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Copenhagen bolsters efforts to improve diversity in schools

diversity in classrooms
Schools and politicians are looking into ways to support diversity in classrooms. Source: Nick Karvounis on Unsplash

Migration is rising around the world and reshaping societies, making the topic of diversity in classrooms a pertinent topic for educators.

Last year, the United Nations’ Department of Economic and Social Affairs (DESA) said the number of international migrants has reached 272 million, outpacing the growth rate of the world’s population.

The global number was at 221 million in 2010.

Immigration has many impacts and education is no exception. In classrooms, the rising number of migrants means both students and teachers are being exposed to diversity more than ever. 

Can diversity in classrooms affect student learning outcomes?


A report by The Local Denmark said a Danish study from 2011 found that the average grades of children in a class is negatively affected when the proportion of bilingual children in that class exceeds 50 percent.

This is echoed by Pisa’s findings, which found that children with non-immigration backgrounds who attend schools with over 40 percent bilingual students fare worse than equivalents at schools where the proportion is less than 10 percent.

Quoting Mikkel Høst Gandil, an assistant professor at the University of Oslo’s Economics institute, via a report in Politiken, Gandil said that the figures should not necessarily “be interpreted as the effect of going to school with many bilingual children”.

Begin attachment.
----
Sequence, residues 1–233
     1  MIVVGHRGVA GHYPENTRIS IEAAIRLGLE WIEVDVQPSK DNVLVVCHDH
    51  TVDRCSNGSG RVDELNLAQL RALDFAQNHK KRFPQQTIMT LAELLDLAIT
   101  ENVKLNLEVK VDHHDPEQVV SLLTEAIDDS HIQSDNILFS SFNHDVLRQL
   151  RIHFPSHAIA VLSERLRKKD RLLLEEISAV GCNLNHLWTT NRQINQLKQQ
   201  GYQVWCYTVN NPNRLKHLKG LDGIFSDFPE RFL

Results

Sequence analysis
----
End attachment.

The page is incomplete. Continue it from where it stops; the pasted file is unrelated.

“The study cannot tell whether a specific child would fare better if the number of immigrant-background children in her school fell,” he was quoted saying, adding that the difference in results does not occur if differences in social conditions between students at the same schools are taken into account, he said.

What can schools learn from Copenhagen’s efforts?

According to Politiken, via The Local Denmark, Copenhagen has been stepping up efforts to to evenly distribute children with Danish and minority ethnic backgrounds in its schools since 2010.

They said that in 2010, 16 schools in the capital – or one in four – had a ratio of over 50 percent for children termed “bilingual,” meaning a language other than Danish is spoken in their home environments.

That number has been reduced to nine schools in the city, ensuring there is more even even spread between schools in Copenhagen.

The Copenhagen Municipality said the composition of schoolgoers’ backgrounds is important as bilingual children fare worse at school than ethnically Danish children, on average.

“This is a pleasing development. We want Copenhagen to be a city in which the places where we live and go to school and daycare is mixed. We think this has a big impact with respect to integration and opportunity,” said Social Democrat councillor Jesper Christensen, who heads the municipality’s children and youth committee, to Politiken.

The municipality has given greater flexibility in allowing children – especially those from minority ethnic backgrounds – to attend schools other than their local district school.

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